Author: Scott Bowler | Published: November 14, 2023 | Category: Species Spotlight
Conservation efforts offer hope for this undeniably cute desert species.
“Oooh! Cute Bunny!” It seems like every little critter gets the “cute” label nowadays, but the pygmy rabbit actually is a darn cute little critter. Emphasis on little, as they’re the second smallest of the Lagomorph clan after the pika, a group that also includes rabbits and hares.
Pygmy rabbits (Brachylagus idahoensis), meaning “short rabbit first identified and found in Idaho,” are our smallest rabbit, after the three larger native and introduced cottontail species and the brush rabbits of North America. While they are obviously a rabbit, they’re only about as big as a grapefruit and weigh about a quarter to a half pound. They’re a dull tan color, have very small ears, and sport a tiny tail, suiting them to their desert environment and underground living quarters. While they do look like a cottontail, those guys are a good bit bigger with longer white rimmed ears and larger, whiter tails—and are much more common. Chances are that you are usually seeing cottontails in the high desert unless you spot the pygmy’s key characteristics.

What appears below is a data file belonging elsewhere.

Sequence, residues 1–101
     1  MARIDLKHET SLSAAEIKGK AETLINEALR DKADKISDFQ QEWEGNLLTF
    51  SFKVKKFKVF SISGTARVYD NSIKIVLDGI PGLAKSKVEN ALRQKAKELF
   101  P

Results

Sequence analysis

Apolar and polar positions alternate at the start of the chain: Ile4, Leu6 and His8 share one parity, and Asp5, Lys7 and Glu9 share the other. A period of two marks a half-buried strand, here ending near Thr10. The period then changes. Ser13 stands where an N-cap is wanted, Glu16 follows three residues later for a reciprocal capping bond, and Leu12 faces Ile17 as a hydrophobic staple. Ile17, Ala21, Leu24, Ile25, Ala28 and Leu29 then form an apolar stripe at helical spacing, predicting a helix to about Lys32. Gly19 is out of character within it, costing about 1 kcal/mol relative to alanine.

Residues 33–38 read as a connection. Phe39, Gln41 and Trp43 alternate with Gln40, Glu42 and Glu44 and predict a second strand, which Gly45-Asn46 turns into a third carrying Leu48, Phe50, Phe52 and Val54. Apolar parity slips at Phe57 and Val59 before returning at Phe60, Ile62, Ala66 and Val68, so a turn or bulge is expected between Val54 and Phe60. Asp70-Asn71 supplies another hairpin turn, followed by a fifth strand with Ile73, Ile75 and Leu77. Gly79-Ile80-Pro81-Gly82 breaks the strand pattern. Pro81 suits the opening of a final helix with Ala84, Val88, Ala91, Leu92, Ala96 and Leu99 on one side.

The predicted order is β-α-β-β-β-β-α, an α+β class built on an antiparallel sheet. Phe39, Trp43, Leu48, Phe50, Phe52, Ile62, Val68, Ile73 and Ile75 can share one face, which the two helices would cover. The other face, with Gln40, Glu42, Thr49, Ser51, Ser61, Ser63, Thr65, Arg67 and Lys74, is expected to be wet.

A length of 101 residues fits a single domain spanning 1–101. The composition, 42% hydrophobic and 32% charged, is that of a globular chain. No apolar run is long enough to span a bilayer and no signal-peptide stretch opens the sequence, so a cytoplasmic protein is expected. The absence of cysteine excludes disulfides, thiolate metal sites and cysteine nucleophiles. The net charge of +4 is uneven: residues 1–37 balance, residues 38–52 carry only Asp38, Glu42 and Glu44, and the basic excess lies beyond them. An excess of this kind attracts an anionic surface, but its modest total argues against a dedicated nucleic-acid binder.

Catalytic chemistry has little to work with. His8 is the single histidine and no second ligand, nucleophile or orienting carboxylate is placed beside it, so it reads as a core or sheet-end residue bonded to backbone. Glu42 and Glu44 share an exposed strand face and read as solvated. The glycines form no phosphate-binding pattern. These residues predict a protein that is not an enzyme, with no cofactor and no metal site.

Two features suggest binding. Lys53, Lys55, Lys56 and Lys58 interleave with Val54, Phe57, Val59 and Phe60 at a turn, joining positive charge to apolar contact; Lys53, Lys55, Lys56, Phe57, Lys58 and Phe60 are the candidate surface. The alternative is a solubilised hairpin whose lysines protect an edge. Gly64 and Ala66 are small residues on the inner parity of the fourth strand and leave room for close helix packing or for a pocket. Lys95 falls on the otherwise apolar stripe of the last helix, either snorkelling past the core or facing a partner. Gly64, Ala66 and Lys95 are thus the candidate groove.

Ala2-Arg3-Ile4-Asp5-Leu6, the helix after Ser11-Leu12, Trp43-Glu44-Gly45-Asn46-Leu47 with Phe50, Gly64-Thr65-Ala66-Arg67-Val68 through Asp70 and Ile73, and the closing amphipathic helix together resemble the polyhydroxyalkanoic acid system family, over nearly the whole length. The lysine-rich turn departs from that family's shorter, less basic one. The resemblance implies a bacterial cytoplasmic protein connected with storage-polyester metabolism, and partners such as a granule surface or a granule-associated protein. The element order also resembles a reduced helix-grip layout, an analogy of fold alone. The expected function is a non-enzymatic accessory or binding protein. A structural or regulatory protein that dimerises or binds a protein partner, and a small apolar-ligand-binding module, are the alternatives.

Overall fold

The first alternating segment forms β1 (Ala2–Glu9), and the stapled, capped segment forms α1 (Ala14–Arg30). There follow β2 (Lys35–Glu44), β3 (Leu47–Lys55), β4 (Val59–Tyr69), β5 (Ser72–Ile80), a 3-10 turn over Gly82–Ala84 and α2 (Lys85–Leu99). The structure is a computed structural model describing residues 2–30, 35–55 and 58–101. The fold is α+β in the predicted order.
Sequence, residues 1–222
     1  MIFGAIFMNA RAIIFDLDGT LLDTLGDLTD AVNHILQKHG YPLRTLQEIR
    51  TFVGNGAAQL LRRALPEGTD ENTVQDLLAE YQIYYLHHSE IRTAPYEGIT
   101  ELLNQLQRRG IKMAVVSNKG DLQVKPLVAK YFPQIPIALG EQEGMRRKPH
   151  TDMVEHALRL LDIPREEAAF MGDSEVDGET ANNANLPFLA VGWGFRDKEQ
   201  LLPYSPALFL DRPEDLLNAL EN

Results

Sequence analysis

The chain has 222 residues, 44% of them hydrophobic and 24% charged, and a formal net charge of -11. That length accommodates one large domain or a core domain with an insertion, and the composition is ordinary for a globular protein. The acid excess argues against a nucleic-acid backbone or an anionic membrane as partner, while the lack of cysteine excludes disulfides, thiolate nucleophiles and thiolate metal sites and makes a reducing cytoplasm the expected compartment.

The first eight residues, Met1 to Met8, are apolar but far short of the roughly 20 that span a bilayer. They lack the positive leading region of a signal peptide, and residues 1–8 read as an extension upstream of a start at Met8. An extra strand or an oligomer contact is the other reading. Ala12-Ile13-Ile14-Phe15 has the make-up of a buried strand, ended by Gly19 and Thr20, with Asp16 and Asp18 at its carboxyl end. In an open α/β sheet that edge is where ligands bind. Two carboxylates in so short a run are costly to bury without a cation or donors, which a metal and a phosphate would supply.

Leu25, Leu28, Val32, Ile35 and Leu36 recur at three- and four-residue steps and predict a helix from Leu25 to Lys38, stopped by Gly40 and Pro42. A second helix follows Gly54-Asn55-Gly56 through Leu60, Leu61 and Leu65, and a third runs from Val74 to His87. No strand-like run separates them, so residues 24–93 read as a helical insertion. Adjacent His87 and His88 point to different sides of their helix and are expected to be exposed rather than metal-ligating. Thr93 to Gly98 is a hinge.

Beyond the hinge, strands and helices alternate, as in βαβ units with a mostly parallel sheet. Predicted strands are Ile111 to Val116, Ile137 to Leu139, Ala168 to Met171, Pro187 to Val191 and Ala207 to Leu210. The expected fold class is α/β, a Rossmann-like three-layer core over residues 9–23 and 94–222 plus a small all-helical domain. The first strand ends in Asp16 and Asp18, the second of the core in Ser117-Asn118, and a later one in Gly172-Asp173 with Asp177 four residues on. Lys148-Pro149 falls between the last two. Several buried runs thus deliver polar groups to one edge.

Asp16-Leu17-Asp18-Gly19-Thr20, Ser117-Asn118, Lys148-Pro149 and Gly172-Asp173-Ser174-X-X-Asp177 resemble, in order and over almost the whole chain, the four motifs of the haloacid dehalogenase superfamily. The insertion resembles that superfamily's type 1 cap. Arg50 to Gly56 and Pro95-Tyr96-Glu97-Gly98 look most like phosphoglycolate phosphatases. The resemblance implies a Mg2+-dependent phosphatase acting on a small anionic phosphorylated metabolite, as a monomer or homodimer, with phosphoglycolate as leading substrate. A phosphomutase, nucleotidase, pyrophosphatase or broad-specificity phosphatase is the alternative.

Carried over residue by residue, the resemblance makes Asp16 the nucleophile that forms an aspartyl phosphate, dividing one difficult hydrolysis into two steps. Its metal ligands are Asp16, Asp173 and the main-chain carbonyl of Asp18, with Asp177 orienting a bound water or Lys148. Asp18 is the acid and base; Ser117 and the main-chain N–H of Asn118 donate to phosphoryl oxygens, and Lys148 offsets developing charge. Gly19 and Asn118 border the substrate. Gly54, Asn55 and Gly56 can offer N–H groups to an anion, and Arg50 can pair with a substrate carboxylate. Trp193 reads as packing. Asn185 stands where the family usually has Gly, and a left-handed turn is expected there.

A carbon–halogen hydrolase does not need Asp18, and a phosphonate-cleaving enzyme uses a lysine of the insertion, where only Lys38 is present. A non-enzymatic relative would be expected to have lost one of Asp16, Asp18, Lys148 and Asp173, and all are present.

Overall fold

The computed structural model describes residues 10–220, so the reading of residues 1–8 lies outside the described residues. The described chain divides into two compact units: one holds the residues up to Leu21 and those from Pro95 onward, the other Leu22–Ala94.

Pygmys are a sagebrush obligate critter, meaning they are dependent upon the plant for both food and shelter, and are thus only found in healthy sagebrush communities in the Great Basin and beyond. Unlike pika, they do not store food and must forage every day. Interestingly, pygmys sometimes even climb up into a sagebrush—well off the ground—which is why the first one I saw startled me, since it was about 3 feet high!
Pygmy rabbits also dig their burrows in sagebrush stands and are, in fact, the only rabbit in North America that digs its own burrow. You’re most likely to find them in the least disturbed areas with moderate sagebrush cover, plenty of undergrowth, and with deeper and looser soils to burrow into.
These rabbits have a shorter gestation and breeding season than most other Lagomorphs and time birth with the likely emergence of new spring growth, so exactly when they do so is keyed to their habitat: in higher and colder areas babies will arrive later in the spring than in warmer lowlands. And since they can have up to three litters of as many as six babies a year, they do indeed breed like rabbits.
Their rapid reproduction might be key to pygmy rabbit survival. The species is threatened by both predation and habitat loss. They fall prey to a variety of predators: coyote, weasels, and owls primarily; fox and hawks less so. Meanwhile, wildfire, climate change and development pressures limit their habitat. Both federal and state agencies have identified pygmy rabbit as a species of conservation concern.
ONDA’s conservation efforts throughout the high desert, and particularly in the Greater Hart-Sheldon, offer hope for this cute, and
iconic, desert species.
Learn more at www.onda.org/core-pygmy-rabbit-habitat.